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Kung Fu Tea

Martial Arts History, Wing Chun and Chinese Martial Studies.

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Republic of China

Meditations on the Blade, Ultra-Modernity and the Fine Art of Self-Promotion

    The Unexpected Giant Some of the essays at Kung Fu Tea are the result of several days of careful research and thinking.  This is not going to be one of those pieces. I started out with a great... Continue Reading →

Through a Lens Darkly (53): Traditional Weapons in China’s 20th Century Militia Movements

  They say a picture is worth a thousand words.  If true this will be a weighty essay.  Yet that was always the thing about Harrison Forman, the renowned photo-journalist, writer and explorer.  As a correspondent he was a double... Continue Reading →

Lives of Chinese Martial Artists (21): Zhang Zhijiang, Father of the Guoshu Movement

    Introduction Its hard to think of a single individual who had a greater impact on the development of the Chinese martial arts during the all important years of the Republic than Zhang Zhijiang (1882-1966).  His name peppers the... Continue Reading →

State, Education and Ma Liang’s New Wushu

  The Nation and the Sword Seki Juroji may be one of the most important pioneers of the traditional Asian martial arts who no one has ever heard of.  Gainty (2013) notes that Seki was a successful farmer and swordsmanship... Continue Reading →

Stephen Chan Discusses the Life of Chan Wong Wah Yue: Swordswoman, Militia Member and Grandmother

    Introduction   Within the field of International Relations Stephen Chan (OBE) needs no introduction.  He is a Professor of Global Politics in the School of Oriental and African Studies (SOAS) at the University of London. He also served... Continue Reading →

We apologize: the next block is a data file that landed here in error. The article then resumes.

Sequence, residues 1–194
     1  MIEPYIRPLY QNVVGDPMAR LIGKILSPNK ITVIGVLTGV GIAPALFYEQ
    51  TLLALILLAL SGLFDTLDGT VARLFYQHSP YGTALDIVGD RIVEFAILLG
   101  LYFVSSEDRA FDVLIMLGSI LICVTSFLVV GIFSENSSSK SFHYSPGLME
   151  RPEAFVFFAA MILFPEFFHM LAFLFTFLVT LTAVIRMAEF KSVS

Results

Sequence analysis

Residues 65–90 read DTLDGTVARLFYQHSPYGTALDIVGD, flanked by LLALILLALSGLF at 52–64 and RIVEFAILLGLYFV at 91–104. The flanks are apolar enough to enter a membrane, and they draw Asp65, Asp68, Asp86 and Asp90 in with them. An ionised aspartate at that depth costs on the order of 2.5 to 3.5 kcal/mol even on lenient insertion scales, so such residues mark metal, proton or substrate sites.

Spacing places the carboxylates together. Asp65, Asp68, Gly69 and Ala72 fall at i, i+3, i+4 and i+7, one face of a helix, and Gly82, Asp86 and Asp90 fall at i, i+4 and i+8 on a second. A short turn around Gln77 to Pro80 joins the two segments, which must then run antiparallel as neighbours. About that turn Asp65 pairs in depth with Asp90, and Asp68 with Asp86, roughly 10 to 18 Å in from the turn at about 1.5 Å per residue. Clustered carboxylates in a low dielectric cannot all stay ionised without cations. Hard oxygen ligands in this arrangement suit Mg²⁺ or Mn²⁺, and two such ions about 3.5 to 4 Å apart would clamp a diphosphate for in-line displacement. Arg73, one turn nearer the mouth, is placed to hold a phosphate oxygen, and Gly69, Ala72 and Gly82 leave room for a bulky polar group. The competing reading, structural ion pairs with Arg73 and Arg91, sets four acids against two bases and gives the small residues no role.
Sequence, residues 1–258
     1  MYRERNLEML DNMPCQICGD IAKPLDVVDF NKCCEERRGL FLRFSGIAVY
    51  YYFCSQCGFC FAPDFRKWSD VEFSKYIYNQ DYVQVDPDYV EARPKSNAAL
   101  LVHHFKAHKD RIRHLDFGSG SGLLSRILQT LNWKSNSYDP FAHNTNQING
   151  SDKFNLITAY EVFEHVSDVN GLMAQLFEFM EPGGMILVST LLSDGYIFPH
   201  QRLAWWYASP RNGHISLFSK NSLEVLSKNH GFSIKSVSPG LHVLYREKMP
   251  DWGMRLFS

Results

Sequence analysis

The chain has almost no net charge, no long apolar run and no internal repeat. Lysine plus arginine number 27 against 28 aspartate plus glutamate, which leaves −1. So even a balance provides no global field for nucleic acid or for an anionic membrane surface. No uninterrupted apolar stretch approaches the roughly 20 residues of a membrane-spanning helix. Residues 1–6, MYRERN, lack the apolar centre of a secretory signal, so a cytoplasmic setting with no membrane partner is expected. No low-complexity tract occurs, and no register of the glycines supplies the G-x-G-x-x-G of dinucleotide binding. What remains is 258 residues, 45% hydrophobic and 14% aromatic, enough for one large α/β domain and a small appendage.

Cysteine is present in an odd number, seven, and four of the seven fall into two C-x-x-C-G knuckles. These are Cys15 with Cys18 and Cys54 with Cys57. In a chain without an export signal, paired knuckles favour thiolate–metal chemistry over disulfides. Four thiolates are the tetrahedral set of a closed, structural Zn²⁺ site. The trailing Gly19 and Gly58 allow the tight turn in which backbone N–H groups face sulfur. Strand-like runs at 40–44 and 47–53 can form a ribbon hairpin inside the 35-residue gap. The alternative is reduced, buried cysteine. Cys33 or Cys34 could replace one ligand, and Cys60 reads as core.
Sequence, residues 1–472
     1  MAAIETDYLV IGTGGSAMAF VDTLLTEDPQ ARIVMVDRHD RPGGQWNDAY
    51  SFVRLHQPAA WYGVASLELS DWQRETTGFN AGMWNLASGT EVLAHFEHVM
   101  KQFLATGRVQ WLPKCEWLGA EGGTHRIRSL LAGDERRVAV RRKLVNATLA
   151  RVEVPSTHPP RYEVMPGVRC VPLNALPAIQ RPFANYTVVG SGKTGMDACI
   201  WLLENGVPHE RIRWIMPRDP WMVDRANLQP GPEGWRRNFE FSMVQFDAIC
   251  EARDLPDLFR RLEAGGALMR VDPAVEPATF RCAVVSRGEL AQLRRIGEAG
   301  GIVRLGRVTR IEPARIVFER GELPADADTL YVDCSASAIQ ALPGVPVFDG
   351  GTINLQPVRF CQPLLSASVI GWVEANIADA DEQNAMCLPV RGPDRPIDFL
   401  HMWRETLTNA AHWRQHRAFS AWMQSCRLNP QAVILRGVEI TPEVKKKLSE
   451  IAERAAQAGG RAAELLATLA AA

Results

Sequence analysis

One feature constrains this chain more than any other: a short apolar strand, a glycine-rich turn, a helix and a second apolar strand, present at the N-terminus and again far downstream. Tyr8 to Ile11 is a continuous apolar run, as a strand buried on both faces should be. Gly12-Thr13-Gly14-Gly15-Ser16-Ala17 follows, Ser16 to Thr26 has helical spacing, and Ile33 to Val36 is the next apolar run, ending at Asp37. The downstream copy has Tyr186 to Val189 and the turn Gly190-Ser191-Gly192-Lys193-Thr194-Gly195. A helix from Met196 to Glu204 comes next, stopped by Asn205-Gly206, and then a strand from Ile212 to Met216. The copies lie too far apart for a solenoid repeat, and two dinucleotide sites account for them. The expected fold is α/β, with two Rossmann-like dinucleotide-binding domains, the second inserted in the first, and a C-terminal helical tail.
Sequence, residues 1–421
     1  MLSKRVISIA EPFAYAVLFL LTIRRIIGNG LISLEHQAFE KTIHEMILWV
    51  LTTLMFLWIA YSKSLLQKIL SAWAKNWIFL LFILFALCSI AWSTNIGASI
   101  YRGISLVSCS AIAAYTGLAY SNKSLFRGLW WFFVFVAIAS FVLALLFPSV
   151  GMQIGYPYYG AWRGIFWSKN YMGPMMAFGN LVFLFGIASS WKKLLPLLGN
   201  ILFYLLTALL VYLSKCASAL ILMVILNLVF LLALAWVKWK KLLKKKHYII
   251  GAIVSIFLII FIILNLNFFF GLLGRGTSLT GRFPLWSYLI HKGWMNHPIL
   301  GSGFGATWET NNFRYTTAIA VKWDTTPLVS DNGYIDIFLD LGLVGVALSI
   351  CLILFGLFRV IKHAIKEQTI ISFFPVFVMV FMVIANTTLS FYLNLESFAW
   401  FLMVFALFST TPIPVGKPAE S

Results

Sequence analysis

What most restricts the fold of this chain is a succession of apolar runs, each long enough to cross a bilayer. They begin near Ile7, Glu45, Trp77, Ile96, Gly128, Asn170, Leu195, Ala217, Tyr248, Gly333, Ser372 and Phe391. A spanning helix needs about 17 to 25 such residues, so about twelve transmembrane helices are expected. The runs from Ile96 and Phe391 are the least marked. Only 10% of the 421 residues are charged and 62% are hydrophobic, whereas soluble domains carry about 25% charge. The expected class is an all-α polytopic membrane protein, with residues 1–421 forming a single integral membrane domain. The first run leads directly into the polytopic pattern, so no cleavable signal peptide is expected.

“Anti-Foreignism” and the Southern Chinese Martial Arts

  Introduction: Anti-Foreignism in Republican Guangdong Students of the traditional Chinese martial arts are frequently reminded that until very recently these systems were “closed” to outsiders.  Then, in the wake of Bruce Lee, Kung Fu masters around the world decided... Continue Reading →

Understanding Opium Use among Southern Chinese Martial Artists, 1890-1949.

Introduction: Wu Song Beats the Tiger One of the fascinating, yet also frustrating, aspects of Chinese popular culture is the facility with which it generates rich new vocabularies to describe the everyday minutia of life.  In some areas, most famously... Continue Reading →

Reforming the Chinese Martial Arts in the 1920s-1930s: The Role of Rapid Urbanization.

Introduction At first individuals like Sun Lutang, Chan Wah Shun, Mok Kwai Lan, Li Pei Xian and Cheung Lai Chuen would not seem to have much in common aside from their love of the martial arts.  Collectively they hail both... Continue Reading →

A Social and Visual History of the Dadao: The Chinese “Military Big-Saber.”

Rediscovering the Dadao: A Forgotten Legacy of the Chinese Martial Arts. Any review of the history of the Chinese martial arts in the 20th century will quickly suggest that these civilian art forms have, at various points, been co-opted and... Continue Reading →

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